Author Topic: Designing a band-pass filter for 13.56 Mhz (detect RFID readers)?  (Read 3201 times)

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Offline hyperzap

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Hi,

As a project to get into some analog electronics (done arduino/ARM stuff to death) I thought it would be fun to build a thing that can tell 125khz RFID readers and 13.56Mhz RFID readers apart. I think I can build the 125khz one fairly trivially with an Op-amp based filter, but 13.56Mhz is too fast for hobbyist Op-amps. I know I could probably do this with just passives because of the magnitude of the input signal, but I would rather get some confidence in active stuff.

I'm not sure about how to build the 13.56Mhz stage, but I have fleshed out a high-level plan below. Questions are at the bottom.


Plan for the reciever coil
As RFID readers produce powerful fields which I can get as close to as I like, I was hoping not to care about impedance or matching or coil details. I am planning on just putting a big circular coil on the PCB, connecting one end to ground through a large DC-blocking capacitor (100nF should do the trick?), and the other to the input of my 125khz detector stage and my 13.56Mhz detector stage.


My plan for detecting 125khz signals (does this make sense?)
Looking at the datasheet for the LM358:



It looks like I will have ~16dB of gain at my target frequency. So if I build a circuit like this one on allaboutcircuits:



Then feed that into a diode envelope detector, then buffer, than an LED, I think it will work.




But hobby op-amps are too slow for 13Mhz, how can I build a filter?

Cheap op-amps loose their usefulness at this frequency, so my reasoning is I should make this circuit with a BJT. The 2N3904 has a CBP of >300Mhz, which sounds cool because its a lot higher than my target frequency. Additionally, it has this graph in the datasheet:

Which is like 30dB gain at my target frequency.

This is where my problems begin. Whilst building a circuit around op-amps is easy because they have awesome properties, BJTs have wierd bias and dropout and saturation regions and other stuff - easy for digital but now I want to operate them in a linear region I'm a little confused about what I need to do.

I found this circuit on google images:


And I think if I whack a RC high-pass before its input, and on its output connect a envelope detector -> buffer -> LED, I will be able to get the LED to light in the presence of a 13.56 Mhz field.

Questions

1. Is my component selection sane?
2. How do I select the bias voltage in my BJT amplifier stage?
3. I guess I have to start worrying about impedance. How do I select the values of Re, Rl, R1 & R2 in light of impedance but without screwing up my bias voltage?
4. I'm guessing I need to pick the value of C2 to produce a low resistance path @13.56 Mhz?
5. Any other recommendations? is this going to work?

Thanks!  :)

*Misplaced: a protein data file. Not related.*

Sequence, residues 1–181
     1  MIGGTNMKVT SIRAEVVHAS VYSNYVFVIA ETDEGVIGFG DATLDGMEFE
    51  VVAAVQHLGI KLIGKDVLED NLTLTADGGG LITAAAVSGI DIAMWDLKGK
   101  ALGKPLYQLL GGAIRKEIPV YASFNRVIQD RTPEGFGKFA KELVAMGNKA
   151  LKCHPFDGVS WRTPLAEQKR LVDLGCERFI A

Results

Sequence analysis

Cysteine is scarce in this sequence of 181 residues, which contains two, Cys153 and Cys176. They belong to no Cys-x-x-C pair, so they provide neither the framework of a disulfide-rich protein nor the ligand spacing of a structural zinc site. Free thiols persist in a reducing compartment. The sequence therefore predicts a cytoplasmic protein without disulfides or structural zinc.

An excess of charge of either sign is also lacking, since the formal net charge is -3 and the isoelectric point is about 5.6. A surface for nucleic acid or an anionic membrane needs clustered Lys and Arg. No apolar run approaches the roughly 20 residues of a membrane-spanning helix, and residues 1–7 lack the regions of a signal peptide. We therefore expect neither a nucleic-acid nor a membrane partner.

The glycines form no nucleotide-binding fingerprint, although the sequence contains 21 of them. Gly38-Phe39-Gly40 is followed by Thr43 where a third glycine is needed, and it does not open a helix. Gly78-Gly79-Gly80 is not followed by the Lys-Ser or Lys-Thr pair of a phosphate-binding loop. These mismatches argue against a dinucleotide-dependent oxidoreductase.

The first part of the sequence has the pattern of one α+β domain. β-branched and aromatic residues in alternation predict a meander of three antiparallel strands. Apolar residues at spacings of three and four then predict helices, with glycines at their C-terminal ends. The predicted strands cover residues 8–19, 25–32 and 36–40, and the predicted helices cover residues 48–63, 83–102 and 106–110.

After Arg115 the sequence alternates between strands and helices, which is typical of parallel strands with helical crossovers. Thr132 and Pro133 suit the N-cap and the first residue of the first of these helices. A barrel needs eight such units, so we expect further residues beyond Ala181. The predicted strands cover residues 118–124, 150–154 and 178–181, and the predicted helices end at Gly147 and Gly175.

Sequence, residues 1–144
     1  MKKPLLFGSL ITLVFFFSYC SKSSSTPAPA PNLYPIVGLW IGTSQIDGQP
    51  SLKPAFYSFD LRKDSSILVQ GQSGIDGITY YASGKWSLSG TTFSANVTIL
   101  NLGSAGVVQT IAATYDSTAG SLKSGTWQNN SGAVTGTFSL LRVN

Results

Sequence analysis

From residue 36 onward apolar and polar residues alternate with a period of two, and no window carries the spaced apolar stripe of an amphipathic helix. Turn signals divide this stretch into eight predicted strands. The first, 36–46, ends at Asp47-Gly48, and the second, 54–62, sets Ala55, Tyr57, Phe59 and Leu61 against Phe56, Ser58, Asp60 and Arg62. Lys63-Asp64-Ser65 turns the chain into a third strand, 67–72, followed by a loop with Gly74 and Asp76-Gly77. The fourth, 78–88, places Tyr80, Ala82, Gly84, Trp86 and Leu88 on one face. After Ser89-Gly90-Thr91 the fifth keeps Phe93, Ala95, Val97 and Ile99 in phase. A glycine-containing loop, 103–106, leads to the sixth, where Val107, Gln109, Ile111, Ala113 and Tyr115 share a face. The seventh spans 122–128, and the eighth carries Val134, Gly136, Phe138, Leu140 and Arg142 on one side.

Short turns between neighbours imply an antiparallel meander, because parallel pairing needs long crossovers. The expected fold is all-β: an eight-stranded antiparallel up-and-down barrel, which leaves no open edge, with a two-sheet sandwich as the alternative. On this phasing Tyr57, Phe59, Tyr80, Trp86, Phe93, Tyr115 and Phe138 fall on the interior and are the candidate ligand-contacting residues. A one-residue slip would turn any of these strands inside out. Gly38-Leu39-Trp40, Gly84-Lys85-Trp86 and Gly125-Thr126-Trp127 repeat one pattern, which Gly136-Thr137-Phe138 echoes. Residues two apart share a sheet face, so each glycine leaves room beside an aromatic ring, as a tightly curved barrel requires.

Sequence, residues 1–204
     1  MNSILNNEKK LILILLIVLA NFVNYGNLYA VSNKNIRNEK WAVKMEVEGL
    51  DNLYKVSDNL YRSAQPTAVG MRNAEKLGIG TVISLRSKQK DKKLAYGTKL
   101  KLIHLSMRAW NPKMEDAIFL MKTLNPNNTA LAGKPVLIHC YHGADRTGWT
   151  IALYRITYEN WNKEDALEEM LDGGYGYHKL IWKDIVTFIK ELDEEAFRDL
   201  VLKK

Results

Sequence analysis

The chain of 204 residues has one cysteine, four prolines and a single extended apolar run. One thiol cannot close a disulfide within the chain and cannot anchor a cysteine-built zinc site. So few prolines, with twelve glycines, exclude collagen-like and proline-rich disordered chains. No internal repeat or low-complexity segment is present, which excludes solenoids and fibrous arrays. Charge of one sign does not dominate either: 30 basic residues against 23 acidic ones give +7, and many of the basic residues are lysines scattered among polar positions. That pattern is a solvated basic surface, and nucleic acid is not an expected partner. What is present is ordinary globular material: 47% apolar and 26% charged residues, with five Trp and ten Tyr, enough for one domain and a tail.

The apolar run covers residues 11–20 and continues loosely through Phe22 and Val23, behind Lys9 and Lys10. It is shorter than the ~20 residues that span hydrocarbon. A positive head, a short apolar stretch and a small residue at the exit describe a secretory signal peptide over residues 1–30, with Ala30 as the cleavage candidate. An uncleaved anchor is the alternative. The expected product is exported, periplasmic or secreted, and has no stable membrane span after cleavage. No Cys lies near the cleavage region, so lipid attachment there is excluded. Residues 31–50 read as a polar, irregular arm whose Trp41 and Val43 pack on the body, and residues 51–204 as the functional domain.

Offline nugglix

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Re: Designing a band-pass filter for 13.56 Mhz (detect RFID readers)?
« Reply #1 on: February 18, 2017, 08:26:38 am »
Hi!

There is a whole series of videos showing a 13.56MHz rfid detector:


If it were only for filtering and amplification you could use a NE592 video amp.
http://www.onsemi.com/pub/Collateral/NE592-D.PDF

And of course a reference to Alan's nicely made videos:


Btw, there is a list of all of his videos as pdf:
http://www.dorkage.com/youtube/W2AEW_video_index.pdf

Hope you get some ideas!
Cheers
 

Offline tggzzz

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Re: Designing a band-pass filter for 13.56 Mhz (detect RFID readers)?
« Reply #2 on: February 18, 2017, 10:05:52 am »
Look at how Tayloe mixers and superheterodyne receivers work.
« Last Edit: February 18, 2017, 10:24:18 am by tggzzz »
There are lies, damned lies, statistics - and ADC/DAC specs.
Glider pilot's aphorism: "there is no substitute for span". Retort: "There is a substitute: skill+imagination. But you can buy span".
Having fun doing more, with less
 

Offline orolo

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Re: Designing a band-pass filter for 13.56 Mhz (detect RFID readers)?
« Reply #3 on: February 18, 2017, 10:55:10 am »
In the MHz range it's normal to use passive filters. The reason passives are not usually employed in audio frequencies is that inductors are too big at these frequencies. Instead, op amps, resistors and capacitors are ingeniously used to substitute audio inductors.

The problem with passive RF filters is that you need to wind your own inductors, and for that you need adequate toroids and some practice. If you are aiming for a bandpass filter, you'll need also to tweak the filter, since component variations will not land you at the desired frequency once you go from calculations to practice. You'll need either trimcaps, trimming inductors, or a lot of luck.

Perhaps the best in this case is to try a tuned amp. This is very similar to the common emitter amplifier you posted, but with RL changed by a resonant tank. This amplifier gives you gain only at your band of interest, and it's rather easy to tune and understand. It is very selective if done right, which will help you filter out a lot of interference in your magnetic sensor, particularly AM stations.
 

Offline danadak

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Re: Designing a band-pass filter for 13.56 Mhz (detect RFID readers)?
« Reply #4 on: February 18, 2017, 11:58:48 am »
Use the free TI tool to design your filter.


http://www.ti.com/tool/filterpro&DCMP=hpa_amp_general&HQS=NotApplicable+OT+filterpro


Regards, Dana.
Love Cypress PSOC, ATTiny, Bit Slice, OpAmps, Oscilloscopes, and Analog Gurus like Pease, Miller, Widlar, Dobkin, obsessed with being an engineer
 


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